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School Library Research

The Dispositions of Elementary School Children of Individualistic and Collectivist Cultures Who Are Intrinsically Motivated to Seek Information

Mar 5, 2016 4:00pm ‐ Jul 29, 2020 4:00pm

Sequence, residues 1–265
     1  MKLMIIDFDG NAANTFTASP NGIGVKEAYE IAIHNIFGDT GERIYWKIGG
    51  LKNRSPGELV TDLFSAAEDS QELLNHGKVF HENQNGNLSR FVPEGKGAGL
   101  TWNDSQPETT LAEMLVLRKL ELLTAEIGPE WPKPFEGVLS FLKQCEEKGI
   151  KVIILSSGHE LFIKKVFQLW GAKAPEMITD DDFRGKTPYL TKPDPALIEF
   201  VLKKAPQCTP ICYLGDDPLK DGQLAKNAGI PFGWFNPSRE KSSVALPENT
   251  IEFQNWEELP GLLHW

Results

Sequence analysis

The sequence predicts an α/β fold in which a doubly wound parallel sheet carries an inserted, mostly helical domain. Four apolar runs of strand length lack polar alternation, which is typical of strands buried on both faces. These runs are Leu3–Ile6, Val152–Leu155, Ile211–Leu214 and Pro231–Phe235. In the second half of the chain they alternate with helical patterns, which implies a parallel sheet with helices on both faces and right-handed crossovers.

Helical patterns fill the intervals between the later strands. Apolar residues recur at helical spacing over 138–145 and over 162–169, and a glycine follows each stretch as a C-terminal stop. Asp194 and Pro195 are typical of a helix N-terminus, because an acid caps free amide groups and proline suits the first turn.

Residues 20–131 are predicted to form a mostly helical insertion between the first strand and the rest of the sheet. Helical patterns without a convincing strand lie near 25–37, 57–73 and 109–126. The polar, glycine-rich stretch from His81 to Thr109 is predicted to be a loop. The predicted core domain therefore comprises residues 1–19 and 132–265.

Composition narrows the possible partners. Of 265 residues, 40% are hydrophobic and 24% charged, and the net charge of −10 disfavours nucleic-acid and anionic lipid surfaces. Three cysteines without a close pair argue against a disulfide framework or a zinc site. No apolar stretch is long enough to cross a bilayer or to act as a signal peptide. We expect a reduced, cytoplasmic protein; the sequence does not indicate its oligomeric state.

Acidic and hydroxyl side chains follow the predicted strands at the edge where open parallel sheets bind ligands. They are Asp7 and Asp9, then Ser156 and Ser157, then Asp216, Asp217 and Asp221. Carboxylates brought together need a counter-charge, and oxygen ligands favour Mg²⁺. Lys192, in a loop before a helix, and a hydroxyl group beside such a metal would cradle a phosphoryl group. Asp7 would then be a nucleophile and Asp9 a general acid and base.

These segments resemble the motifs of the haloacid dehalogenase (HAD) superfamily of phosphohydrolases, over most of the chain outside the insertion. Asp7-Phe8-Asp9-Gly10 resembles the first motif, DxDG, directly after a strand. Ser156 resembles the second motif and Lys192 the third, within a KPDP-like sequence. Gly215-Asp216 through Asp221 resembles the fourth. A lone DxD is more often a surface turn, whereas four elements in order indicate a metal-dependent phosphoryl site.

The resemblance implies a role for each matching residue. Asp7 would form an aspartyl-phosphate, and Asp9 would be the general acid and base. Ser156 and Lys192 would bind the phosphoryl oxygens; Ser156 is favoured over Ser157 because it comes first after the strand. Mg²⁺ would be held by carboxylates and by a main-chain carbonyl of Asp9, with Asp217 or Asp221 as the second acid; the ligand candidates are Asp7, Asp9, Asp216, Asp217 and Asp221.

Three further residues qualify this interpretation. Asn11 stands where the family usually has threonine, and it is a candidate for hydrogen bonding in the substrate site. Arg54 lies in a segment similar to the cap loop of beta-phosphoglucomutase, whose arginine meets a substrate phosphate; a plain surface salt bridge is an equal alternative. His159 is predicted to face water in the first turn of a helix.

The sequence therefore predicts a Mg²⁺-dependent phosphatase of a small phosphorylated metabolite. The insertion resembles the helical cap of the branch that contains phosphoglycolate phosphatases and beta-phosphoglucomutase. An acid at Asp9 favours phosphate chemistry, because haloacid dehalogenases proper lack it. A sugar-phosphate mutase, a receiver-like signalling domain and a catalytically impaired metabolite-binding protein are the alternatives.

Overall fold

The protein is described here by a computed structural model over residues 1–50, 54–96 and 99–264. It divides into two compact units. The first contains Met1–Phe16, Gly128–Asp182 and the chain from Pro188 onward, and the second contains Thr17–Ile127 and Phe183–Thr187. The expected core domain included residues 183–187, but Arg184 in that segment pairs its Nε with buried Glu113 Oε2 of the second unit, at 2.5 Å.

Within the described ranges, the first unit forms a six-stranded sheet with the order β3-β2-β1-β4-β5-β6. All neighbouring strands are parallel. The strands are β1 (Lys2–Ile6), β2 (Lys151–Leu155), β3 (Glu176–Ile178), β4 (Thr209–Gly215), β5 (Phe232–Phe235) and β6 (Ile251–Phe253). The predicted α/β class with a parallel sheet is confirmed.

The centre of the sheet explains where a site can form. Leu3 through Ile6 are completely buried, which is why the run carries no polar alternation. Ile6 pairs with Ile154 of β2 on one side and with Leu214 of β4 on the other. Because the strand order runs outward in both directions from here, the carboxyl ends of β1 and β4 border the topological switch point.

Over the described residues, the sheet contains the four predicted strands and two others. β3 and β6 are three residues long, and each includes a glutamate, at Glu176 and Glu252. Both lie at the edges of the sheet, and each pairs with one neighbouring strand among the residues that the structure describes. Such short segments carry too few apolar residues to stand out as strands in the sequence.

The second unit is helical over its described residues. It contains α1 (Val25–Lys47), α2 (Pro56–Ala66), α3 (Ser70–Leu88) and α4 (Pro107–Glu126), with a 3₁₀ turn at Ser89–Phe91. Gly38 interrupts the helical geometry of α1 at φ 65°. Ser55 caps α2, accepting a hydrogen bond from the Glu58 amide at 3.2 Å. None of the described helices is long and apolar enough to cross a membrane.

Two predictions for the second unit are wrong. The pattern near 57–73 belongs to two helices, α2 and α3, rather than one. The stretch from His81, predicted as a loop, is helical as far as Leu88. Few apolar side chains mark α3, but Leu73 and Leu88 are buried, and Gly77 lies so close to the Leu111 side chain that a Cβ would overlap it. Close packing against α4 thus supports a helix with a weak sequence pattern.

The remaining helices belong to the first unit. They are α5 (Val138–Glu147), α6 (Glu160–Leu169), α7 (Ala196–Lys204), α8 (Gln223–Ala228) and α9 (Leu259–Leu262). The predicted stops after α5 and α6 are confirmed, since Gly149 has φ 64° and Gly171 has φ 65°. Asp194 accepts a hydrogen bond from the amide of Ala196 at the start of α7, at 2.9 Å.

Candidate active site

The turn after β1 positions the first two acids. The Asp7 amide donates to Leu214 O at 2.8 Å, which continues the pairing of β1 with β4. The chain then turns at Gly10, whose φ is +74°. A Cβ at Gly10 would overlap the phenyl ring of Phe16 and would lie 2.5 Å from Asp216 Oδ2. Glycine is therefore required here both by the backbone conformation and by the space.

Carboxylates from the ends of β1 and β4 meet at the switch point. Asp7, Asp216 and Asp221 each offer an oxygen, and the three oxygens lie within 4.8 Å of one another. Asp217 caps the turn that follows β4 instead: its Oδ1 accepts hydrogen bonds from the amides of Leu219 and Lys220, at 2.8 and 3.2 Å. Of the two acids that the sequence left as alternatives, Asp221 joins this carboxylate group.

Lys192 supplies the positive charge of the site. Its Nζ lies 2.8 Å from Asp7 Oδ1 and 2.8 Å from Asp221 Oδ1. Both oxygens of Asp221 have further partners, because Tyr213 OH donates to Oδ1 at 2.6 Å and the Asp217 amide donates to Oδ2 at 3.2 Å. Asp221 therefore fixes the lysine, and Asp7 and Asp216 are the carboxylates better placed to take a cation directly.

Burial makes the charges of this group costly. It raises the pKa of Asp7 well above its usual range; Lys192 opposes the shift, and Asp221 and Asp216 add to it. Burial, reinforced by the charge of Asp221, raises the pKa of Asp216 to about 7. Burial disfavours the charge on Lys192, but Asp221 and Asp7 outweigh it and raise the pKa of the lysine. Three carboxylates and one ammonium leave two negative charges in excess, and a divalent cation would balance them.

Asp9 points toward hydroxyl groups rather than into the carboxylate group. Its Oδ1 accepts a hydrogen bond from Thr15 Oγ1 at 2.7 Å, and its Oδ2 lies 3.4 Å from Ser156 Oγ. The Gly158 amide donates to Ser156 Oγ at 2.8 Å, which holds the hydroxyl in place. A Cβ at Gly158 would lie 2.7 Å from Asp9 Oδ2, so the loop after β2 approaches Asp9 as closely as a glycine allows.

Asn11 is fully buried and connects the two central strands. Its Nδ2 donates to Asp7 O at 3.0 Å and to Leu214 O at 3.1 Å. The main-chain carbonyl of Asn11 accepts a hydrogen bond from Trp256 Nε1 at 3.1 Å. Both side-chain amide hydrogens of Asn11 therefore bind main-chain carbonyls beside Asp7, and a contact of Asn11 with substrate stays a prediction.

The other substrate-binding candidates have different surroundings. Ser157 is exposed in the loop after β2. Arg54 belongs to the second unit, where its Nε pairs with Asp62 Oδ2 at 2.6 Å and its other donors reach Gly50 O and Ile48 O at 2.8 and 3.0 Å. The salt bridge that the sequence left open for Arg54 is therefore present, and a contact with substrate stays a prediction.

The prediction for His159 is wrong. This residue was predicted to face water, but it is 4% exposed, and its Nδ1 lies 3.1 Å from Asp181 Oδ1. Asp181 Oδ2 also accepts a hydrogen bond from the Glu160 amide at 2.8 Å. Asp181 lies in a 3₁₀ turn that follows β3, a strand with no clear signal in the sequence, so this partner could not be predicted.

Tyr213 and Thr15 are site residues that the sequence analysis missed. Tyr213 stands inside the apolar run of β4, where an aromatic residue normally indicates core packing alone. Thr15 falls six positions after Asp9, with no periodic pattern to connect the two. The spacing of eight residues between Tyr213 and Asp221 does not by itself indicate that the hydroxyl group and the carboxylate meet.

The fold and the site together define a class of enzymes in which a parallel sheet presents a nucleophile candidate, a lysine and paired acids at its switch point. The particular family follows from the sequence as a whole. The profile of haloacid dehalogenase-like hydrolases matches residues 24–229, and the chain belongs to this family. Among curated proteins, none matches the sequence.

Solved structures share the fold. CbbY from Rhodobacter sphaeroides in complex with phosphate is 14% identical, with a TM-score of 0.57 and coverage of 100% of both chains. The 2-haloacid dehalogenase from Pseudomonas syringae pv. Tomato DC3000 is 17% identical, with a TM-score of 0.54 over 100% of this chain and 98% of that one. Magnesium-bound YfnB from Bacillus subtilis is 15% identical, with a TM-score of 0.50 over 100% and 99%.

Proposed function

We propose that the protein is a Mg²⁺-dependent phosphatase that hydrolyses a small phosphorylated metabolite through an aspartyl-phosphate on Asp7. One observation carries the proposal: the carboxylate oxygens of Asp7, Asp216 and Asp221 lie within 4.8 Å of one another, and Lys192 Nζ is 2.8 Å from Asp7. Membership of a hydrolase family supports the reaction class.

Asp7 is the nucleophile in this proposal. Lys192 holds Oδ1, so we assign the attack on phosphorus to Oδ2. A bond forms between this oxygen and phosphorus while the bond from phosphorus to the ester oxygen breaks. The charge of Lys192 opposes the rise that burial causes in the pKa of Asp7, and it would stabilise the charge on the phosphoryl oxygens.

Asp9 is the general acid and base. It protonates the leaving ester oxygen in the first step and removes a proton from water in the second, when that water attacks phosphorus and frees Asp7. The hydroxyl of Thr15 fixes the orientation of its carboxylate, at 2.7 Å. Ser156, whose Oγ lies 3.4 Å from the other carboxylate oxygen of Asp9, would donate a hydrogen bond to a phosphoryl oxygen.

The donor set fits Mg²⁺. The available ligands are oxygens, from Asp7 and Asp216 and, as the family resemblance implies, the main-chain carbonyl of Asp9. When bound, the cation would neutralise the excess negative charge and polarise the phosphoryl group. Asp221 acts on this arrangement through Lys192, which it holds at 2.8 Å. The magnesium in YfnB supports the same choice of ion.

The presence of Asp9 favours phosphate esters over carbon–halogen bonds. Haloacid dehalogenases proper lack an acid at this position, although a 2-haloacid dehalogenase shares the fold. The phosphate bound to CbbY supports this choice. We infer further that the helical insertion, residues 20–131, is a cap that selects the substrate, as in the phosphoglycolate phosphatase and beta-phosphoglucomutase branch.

This paper is based on two studies conducted in Colorado Springs, Colorado, in 2008 and in Kampala, Uganda, in 2014. The basic research question addressed in both studies was: “What are the experiences in the lives of upper elementary-aged children that foster an intrinsic motivation to seek information?” The secondary question was: “How do the experiences of students from a collectivist culture (Kampala, Uganda) who are intrinsically motivated to seek information compare and contrast with the experiences of similarly aged students from an individualistic culture (Colorado Springs, Colorado, U.S.A.)?” The focus of this paper is to explore the dispositions of both sets of informants using a theoretical framework consisting of the educative dispositions of an Effective Learner—independence, creativity, self-motivation, and resilience (Bertram and Pascal 2002)—as correlated with the dispositions listed in the American Association of School Librarians’ Standards for the 21st-Century Learner (2007). The findings were that both sets of informants exhibited an affinity for play and a tendency toward creativity, and that the Ugandan students were more inclined toward competence-building activities than their Colorado Springs counterparts, who generally exhibited noncompetitive dispositions. Furthermore, resilience was a disposition revealed by students in the Ugandan study.


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